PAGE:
Take the 2-minute tour ×
Super User is a question and answer site for computer enthusiasts and power users. It's 100% free, no registration required.

I am new to RAID and I want to setup up a RAID-5 on my Ubuntu 10.04 sysatem. I have the kernel installed on a partition of a 500 GB disk. Then, I have another partition of FAT32 on the other half like so (fdisk -l output):

Device Boot      Start         End      Blocks   Id  System
/dev/sda1   *           1       30395   244140032   83  Linux
/dev/sda2           30395       31002     4881409    5  Extended
/dev/sda3           31003       60801   239360467+   b  W95 FAT32
/dev/sda5           30395       31002     4881408   82  Linux swap / Solaris

Due to money restrictions, I can only afford one more 1 TB drive. My thinking is, create 2 or more partitions on this 1 TB drive and then use these as array components for the RAID-5. Will this work? I would have something like this:

/dev/sda3 = partition 1 for RAID
/dev/sdb1 = partition 2 for RAID
/dev/sdb2 = partition 3 for RAID
/dev/sdb3 = partition 4 for RAID

Will this work or do I actually need 3, 4, etc physical hard drives for a proper RAID-5 array?

EDIT - Thanks for all the answers. I really hadn't considered losing multiple partitions on one drive with failure. That makes sense, though... I think I am going to get a 1 TB drive and then just use it as storage and purchase another drive for RAID-5 as soon as I can afford it.

share|improve this question

3 Answers 3

up vote 3 down vote accepted

You can do it; I don't see the point, though.

If you have M partitions on N physical drives, and N < M, that means that at least one drive will have two partitions. RAID-5 protects you against losing one of the partitions; if one of the drives —with at least two partitions used by the RAID-5 volume— fails, you instantly lose the RAID-5 volume.

The only protection that would give you would be against losing some sectors in one of the partitions; given all the levels of protection that automatically happen without you knowing (e.g. faulty sector remapping) and my experience so far, the gains from protecting against such a failure are very little compared to the space (and speed!) you've lost for as long as the RAID-5 volume existed.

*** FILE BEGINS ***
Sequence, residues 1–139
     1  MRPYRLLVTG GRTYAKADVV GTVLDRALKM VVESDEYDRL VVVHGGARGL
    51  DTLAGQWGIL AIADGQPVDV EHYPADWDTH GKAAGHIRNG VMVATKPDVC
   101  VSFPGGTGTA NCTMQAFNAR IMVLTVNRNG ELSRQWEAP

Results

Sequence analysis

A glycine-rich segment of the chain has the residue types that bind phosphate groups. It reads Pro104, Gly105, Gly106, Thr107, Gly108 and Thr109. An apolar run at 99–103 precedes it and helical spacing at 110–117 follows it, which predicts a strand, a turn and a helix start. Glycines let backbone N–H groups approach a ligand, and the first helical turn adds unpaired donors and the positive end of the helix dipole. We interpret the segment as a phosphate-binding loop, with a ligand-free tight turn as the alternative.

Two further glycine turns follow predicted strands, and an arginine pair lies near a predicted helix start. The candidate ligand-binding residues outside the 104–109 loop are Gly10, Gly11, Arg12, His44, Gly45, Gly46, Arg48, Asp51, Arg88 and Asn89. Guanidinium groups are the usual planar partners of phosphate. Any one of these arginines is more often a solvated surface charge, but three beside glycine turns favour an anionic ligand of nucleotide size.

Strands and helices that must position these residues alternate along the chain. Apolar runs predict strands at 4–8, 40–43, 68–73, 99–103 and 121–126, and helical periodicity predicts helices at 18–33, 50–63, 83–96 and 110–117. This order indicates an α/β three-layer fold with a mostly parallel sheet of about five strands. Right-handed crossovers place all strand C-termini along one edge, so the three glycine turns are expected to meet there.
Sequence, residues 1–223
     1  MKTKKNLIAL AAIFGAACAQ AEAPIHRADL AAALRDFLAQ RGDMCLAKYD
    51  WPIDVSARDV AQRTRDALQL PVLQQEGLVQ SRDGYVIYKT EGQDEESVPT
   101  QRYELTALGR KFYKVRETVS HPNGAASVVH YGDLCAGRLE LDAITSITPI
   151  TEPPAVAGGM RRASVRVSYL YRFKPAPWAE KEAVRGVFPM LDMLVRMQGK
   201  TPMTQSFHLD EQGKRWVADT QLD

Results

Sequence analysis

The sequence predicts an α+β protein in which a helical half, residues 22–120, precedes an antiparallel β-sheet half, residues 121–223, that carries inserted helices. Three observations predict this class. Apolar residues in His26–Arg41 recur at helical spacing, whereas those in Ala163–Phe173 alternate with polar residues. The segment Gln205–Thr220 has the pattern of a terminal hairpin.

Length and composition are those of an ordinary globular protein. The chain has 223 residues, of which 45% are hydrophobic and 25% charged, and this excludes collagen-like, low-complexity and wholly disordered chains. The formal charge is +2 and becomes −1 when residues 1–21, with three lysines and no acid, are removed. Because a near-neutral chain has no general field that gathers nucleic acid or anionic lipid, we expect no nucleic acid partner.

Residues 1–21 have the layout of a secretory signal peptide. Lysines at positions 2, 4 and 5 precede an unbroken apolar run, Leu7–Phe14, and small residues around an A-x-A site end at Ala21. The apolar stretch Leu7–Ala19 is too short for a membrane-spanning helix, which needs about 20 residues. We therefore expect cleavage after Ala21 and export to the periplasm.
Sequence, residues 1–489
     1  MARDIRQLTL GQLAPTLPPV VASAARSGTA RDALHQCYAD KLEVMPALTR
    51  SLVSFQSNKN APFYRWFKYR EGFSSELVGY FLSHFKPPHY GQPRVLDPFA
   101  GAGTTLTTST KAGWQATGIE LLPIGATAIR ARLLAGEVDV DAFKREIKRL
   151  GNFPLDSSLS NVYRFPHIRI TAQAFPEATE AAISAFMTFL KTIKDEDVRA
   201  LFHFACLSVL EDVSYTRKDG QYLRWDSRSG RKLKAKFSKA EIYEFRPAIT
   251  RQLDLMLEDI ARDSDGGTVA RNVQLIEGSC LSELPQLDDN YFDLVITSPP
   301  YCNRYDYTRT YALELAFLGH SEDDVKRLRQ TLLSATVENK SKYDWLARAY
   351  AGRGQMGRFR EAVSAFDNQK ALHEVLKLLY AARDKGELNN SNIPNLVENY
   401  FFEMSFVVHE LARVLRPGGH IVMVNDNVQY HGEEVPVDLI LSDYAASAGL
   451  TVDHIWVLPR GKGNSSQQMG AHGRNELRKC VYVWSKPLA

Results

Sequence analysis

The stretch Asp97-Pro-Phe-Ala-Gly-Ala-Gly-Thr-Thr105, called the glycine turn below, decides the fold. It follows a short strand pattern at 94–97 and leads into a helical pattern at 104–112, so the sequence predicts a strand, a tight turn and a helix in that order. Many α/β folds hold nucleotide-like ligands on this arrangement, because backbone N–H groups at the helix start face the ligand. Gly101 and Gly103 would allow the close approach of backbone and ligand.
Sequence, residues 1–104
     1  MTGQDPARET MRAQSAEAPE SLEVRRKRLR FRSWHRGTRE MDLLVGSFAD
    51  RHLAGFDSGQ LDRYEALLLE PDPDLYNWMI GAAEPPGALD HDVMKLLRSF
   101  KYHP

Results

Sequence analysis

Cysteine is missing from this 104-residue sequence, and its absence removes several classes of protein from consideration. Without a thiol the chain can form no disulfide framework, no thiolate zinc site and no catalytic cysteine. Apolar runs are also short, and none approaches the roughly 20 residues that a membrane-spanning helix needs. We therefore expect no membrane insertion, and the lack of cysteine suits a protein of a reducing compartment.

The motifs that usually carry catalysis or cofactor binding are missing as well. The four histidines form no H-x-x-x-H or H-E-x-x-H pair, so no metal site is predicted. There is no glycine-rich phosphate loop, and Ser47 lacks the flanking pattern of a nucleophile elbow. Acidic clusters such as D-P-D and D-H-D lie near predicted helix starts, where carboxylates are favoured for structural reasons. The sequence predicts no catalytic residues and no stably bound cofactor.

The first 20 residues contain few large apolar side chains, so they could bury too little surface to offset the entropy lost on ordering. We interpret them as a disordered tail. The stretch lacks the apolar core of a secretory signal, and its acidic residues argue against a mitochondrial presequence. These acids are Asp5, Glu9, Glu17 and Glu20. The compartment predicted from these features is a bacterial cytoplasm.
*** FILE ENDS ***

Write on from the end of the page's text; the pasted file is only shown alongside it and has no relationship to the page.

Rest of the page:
share|improve this answer

best case scenario when everything is working you get a slower more complicated version of just creating a full sized partition on the second drive and using it as normal (you'll take a performance hit of having to write multiple times for every write operation, but won't gain any protection from failures if multiple partitions are on the same disk!)

http://en.wikipedia.org/wiki/RAID

I suspect you might want to use a different RAID type, or not use RAID at all

share|improve this answer

If you have only two drives, but you are spreading three (or more) volumes worth of parity data across them, when a drive dies then you are going to lose some of the parity data needed to rebuild the volume(s) that were on that drive.

If you want redundancy for your data and have two drives RAID-1 is really the only way to go, but you won't gain any additional storage space from that new drive you are putting in.

share|improve this answer

Your Answer

 
discard

By posting your answer, you agree to the privacy policy and terms of service.

Not the answer you're looking for? Browse other questions tagged or ask your own question.